Could FYF Fest be the most important music festival of 2015?

D'Angelo, seen performing in June, is on the impressive bill for this weekend's FYF Festival in Los Angeles.

D’Angelo, seen performing in June, is on the impressive bill for this weekend’s FYF Festival in Los Angeles.

(Lawrence K. Ho / Los Angeles Times)

When FYF Fest began in 2004, it quickly established a reputation for bringing together scrappy punk bands with something to say: the boldly nihilistic Negative Approach, for instance, or the gleefully anti-authoritarian Circle Jerks.

Since then, this annual Los Angeles festival -- founded by Sean Carlson when he was only 18 -- has grown exponentially in size and stature. In 2011, Carlson joined forces with Goldenvoice, the powerful concert-promotion firm behind Southern California’s most prestigious music event, the Coachella Valley Music and Arts Festival. And last year the show moved from Chinatown’s dusty L.A. State Historic Park to the L.A. Sports Arena and surrounding Exposition Park.

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Yet as FYF expanded, its engagement with political and social issues seemed to recede. Recent headliners like the Strokes and Phoenix put across a stylish ennui; MGMT and My Bloody Valentine are known for their trippy insularity.


This year, in contrast, the protest music is back -- though not in the form of guys with loud guitars.

With an impressive lineup that includes Kanye West, D’Angelo, FKA Twigs and Morrissey, the latest edition of FYF -- set to take place Saturday and Sunday -- might have less to do with punk (at least in its traditional guise) than any other event in the festival’s 12-year history. Yet its politics have never run hotter, a shift that reflects a world in turmoil but also a savvy means of distinguishing FYF in an increasingly crowded festival scene.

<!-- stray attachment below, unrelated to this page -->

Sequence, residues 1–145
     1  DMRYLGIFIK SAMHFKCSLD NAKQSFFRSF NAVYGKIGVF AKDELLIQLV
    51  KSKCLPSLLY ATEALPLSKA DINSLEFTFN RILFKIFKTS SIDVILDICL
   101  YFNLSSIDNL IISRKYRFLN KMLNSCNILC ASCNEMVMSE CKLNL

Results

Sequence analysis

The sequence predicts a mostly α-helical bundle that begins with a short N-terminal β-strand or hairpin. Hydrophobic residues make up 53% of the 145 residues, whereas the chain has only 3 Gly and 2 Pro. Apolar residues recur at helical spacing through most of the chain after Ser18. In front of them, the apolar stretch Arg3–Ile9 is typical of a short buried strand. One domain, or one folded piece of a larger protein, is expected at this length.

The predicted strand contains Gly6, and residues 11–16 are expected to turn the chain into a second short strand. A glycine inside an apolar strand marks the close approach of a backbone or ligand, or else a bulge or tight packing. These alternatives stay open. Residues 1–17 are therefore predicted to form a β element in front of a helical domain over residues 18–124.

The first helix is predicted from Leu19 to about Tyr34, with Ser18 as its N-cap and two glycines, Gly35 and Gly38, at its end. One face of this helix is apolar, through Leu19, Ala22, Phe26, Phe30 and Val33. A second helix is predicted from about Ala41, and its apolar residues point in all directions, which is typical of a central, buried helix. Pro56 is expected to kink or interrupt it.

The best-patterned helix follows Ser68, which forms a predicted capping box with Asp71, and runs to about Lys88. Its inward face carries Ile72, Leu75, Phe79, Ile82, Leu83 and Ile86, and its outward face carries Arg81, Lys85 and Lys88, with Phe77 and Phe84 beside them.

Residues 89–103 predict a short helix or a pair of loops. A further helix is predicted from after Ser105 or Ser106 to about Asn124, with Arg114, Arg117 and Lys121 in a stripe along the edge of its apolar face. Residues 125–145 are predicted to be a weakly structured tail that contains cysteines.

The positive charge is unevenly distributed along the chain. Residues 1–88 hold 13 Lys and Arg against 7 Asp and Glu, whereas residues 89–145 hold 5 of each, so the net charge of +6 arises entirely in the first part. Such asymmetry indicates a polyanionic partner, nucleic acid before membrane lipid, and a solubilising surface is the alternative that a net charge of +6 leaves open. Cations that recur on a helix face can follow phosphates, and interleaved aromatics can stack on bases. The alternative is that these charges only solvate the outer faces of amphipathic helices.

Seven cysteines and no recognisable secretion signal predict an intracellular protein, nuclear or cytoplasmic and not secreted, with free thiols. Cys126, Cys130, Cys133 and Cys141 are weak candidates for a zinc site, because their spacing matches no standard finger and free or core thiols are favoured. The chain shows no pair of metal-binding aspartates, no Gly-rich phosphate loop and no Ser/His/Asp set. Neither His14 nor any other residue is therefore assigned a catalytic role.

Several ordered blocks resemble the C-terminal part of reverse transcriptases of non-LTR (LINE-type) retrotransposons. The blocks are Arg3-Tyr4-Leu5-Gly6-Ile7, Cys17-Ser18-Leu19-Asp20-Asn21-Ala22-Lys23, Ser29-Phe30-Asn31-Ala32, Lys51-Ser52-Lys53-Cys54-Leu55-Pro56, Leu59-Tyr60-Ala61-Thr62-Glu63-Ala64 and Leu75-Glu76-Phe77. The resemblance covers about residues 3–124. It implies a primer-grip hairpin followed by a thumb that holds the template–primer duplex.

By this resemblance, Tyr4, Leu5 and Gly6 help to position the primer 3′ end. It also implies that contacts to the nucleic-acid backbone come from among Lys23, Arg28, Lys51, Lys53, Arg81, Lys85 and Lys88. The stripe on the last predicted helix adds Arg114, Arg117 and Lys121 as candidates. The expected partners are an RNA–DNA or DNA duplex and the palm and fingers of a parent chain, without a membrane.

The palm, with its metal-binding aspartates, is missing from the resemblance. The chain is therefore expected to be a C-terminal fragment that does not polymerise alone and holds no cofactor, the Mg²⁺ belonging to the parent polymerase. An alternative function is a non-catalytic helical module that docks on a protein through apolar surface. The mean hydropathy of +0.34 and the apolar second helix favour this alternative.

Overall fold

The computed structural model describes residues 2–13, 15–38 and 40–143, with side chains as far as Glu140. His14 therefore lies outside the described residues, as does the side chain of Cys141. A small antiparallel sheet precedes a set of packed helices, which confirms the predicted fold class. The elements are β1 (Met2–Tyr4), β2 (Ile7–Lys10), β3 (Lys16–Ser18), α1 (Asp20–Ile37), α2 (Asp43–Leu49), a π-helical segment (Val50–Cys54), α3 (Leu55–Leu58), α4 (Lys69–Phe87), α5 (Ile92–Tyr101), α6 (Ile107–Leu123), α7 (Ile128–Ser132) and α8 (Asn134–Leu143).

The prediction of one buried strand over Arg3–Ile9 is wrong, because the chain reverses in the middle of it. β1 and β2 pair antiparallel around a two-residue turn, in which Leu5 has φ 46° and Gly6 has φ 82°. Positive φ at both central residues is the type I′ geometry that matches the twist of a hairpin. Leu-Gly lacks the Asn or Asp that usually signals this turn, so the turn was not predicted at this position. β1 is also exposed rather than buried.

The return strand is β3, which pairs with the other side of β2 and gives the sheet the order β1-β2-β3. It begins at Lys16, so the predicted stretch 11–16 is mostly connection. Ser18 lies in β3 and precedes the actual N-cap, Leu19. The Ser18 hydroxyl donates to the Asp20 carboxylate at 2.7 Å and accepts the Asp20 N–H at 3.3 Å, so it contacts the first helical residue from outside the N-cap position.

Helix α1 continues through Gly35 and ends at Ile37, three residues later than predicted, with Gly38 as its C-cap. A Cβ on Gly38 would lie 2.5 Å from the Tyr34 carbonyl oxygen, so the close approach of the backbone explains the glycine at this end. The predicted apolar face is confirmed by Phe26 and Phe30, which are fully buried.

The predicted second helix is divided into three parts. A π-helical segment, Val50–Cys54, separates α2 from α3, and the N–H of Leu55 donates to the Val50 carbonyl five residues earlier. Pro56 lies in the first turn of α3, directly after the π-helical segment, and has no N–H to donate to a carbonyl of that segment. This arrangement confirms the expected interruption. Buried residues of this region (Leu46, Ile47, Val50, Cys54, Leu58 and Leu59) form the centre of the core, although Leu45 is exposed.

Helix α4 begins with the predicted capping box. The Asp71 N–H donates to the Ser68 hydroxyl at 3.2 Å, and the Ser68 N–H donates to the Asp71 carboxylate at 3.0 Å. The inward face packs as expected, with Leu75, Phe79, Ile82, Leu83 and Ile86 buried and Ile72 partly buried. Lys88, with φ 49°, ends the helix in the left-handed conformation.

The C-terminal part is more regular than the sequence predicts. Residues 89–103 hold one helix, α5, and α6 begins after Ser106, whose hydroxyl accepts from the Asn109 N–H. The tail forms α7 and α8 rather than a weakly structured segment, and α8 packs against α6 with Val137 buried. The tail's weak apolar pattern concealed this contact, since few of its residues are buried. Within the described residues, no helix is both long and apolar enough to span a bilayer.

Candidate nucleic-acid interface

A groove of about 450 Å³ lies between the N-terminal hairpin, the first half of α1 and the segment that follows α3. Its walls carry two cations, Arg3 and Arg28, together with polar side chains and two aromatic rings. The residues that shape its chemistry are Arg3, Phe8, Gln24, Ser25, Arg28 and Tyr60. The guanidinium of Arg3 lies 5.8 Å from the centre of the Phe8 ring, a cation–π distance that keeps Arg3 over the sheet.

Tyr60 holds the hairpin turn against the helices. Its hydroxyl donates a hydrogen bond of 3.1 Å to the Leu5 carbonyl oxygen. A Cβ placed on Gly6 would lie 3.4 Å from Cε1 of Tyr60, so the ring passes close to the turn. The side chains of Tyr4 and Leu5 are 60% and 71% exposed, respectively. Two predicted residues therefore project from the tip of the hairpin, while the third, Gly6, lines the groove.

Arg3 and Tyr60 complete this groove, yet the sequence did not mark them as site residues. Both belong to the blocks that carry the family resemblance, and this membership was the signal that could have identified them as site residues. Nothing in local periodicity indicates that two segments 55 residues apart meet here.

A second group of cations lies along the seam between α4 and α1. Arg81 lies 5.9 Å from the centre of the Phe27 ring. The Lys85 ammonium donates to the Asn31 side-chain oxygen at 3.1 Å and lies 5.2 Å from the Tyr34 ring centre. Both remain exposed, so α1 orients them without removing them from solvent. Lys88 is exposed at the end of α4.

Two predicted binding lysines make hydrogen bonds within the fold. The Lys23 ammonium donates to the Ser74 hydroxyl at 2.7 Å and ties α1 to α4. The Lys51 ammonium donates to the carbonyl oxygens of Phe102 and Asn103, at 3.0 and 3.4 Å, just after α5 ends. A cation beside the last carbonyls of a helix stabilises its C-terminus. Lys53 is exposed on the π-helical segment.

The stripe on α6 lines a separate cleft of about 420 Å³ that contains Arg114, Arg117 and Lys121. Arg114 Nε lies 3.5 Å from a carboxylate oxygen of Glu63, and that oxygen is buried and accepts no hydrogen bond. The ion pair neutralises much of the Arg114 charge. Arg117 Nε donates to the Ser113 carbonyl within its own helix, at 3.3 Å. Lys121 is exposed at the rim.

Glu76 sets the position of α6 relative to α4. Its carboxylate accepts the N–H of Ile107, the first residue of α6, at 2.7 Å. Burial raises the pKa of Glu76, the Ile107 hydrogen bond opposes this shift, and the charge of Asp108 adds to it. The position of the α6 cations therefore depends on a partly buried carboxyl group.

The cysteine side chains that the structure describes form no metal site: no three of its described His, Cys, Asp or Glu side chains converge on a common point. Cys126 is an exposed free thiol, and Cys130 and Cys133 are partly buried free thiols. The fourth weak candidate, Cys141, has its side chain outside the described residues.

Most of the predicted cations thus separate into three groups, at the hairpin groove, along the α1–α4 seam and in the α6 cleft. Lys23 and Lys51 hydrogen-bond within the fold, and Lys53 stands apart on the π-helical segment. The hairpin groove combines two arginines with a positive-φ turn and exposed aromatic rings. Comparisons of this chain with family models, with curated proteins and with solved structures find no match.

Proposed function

The event certainly attracted national attention Thursday with its announcement that West, one of the most famous (and polarizing) musicians on Earth, was stepping in at the last minute to replace Frank Ocean, the young L.A.-based R&B star originally scheduled to perform Saturday night.

Ocean, who’s kept largely quiet in the years since his Grammy-winning 2012 album “Channel Orange,” had been highly anticipated at FYF, where he was expected to debut material from a follow-up record he’s reportedly close to finishing. (In a statement, FYF said Ocean “decided on his own terms to cancel,” a sign perhaps that the new songs aren’t ready.) Yet booking West on such short notice -- a major feat for any festival, let alone one this close to such do-it-yourself roots -- makes it clear that FYF has become a serious player.


More important, West’s presence will only thicken the festival’s air of outcry. His most recent album, 2013’s “Yeezus,” is a lacerating attack on a poisoned America with songs like “New Slaves” and “Black Skinhead,” in which he spits lyrics seemingly inspired by reaction to his relationship with Kim Kardashian: “They see a black man with a white woman at the top floor / They gon’ come to kill King Kong.”

West has taken a different tack in a handful of songs he’s released lately, including “FourFiveSeconds,” a folky collaboration with Rihanna and Paul McCartney, and the gentle “Only One,” which the rapper has said channels his late mother’s feelings for his 2-year-old daughter, North.